What’s in a name?

Quite a lot, if you happen to be the late Sen. Pat McCarran (D). Not only is Nevada‘s largest airport named after you (not inaptly — the anti-New Deal, pro-fascist McCarran’s signature achievements included splitting off the Air Force as a separate branch of the armed services. But McCarran was also a racist, an anti-Semite and a xenophobe, who wrote of immigrants that they were “hardcore, indigestible blocks which have not become integrated into the American way of life but which, on the contrary, are its deadly enemies.” Accordingly, there is belated anti-McCarran pushback both in Carson City and in Washington, D.C. In the former, state Sen. Tick Segerblom (D) wants McCarran’s name of his eponymous airport, while in the latter Reps. Reps. Jacky Rosen, Ruben Kihuen and Dina Titus (all D) are requesting that McCarran’s statue be banished from Capitol Hill.

The Los Angeles Times got a hold of the Rosen/Kihuen/Titus letter, which “said McCarran led anti-communist crusades, pushed for severe anti-immigration laws and helped pass the Internal Security Act, better known as the McCarran Act [his most famous achievement], which ‘tightened deportation laws and allowed for the exclusion of organizations, [and] revocation of citizenship.'” If all of this sounds suspiciously timely, UNLV history professor Michael Green puts his finger on it: “I think it’s a statement of going away from what [Donald] Trump and the Republican Party are being criticized for … the message involves the idea of inclusiveness and diversity.”

“We can’t have a racist, anti-Semitic former elected official being the face and name to our state,” Kihuen told the LAT while McCarran defender and Air Force veteran Matthew Buehler wrote, “It would truly be a travesty to rename the airport, thereby masking the accomplishments of this historic Nevadan.” (The slimy U.S. senator played by G.D. Spradlin in The Godfather, Part II is believed to be modeled on McCarran.) Getting the McCarran name off might be the easy part, comparatively speaking. The corollary to de-McCarraning the airport is renaming it after ex-Sen. Harry Reid (D). Like McCarran, Reid spent decades bringing home the bacon. And he was a comparably divisive figure. S&G thinks there are Nevadans more deserving of the honor than Old Sixty Votes, starting with former governor and U.S. senator Richard Bryan, a more statesmanlike public servant. And what about pioneering gaming regulator Robert Faiss, an important figure in the evolution of Nevada’s signature industry. S&G welcomes your nominations.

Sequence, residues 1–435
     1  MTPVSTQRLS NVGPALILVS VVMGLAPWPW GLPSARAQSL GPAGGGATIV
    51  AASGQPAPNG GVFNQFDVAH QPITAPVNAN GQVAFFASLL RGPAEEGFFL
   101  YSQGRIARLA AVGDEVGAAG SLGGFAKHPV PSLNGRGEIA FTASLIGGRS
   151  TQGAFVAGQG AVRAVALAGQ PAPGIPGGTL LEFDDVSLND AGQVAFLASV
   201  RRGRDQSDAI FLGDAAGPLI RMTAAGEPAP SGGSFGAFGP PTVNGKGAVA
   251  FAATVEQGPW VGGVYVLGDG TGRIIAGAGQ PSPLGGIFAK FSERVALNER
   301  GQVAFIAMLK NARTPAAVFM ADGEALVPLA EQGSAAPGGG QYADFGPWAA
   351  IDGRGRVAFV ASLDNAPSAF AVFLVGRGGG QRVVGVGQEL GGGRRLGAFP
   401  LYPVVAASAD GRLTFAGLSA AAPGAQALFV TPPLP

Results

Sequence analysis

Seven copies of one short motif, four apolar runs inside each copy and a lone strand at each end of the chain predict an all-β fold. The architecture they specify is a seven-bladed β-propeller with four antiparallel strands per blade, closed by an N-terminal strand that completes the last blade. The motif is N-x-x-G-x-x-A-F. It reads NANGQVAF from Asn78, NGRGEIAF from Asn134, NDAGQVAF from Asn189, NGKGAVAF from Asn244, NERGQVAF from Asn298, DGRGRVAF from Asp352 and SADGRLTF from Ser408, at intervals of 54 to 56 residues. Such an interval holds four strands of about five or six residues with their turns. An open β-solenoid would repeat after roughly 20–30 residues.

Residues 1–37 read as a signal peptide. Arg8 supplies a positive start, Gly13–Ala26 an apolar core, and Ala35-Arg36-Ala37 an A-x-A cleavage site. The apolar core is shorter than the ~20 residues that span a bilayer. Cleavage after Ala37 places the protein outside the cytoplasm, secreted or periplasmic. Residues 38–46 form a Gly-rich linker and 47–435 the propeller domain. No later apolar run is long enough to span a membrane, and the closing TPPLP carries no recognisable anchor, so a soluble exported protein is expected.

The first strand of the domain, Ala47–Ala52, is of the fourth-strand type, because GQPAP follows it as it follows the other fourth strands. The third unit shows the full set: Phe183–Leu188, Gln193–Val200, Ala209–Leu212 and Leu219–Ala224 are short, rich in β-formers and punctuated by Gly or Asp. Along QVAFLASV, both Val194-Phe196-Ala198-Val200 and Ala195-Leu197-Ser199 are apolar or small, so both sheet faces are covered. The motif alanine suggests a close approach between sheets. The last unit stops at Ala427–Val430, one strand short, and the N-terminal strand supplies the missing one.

* In the week of last week’s Oakland Raiders vote, NFL Commissioner Roger Goodell is doing a bit of ass-covering on the subject of uniting America‘s game with the gambling capital of the U.S. “Society in general has a little bit of a change with respect to gambling,” he rationalized. He shifted the emphasis to things like point shaving. “I think we have to make sure that we continue to stay focused on making sure that everyone has full confidence that what you see on the field is not influenced by any outside factors. That’s our No. 1 concern. That goes to what I consider the integrity of the game, and we will not relent on that … I think when you look at what Las Vegas is today and what it was a decade or two ago, I think it’s a much different city.”

“Who the hell is going to corrupt an NFL quarterback when they make $25 million a year,” queried Steve Wynn, taking his best shot at Goodell. “What are you going to offer them? A new car?”

While Goodell was shielding his posterior, American Gaming Association prexy Geoff Freeman ran a victory lap, saying, “The second announcement of a major sports franchise to locate a team in Las Vegas in just the last 12 months demonstrates how far gaming has come, from a niche industry to a $240 billion economic engine that supports 1.7 million jobs in 40 states. The gaming industry currently partners with professional teams around the country and we look forward to soon doing the same in Nevada,” he added rubbing it in.

* Many of President Trump’s appointments have been controversial but I think we can all join S&G in congratulating Jonathan Galaviz of Global Market Advisors, who has been named a special advisor to the State Department. If Galaviz’s recent activity is any indicator, he will be focusing on Pacific Rim issues. I’ve met Galaviz and read his work at every opportunity, and don’t think the Trump administration could have done better. And Global Market Advisors is keeping Galaviz’s seat is warm for when his diplomatic duties are over. Who could ask for anything more?

* That on-again, off-again megaresort near Madrid is on “off.” The civic government booted Cordish Gaming and its $2.2 billion project. The company may regroup and try again.

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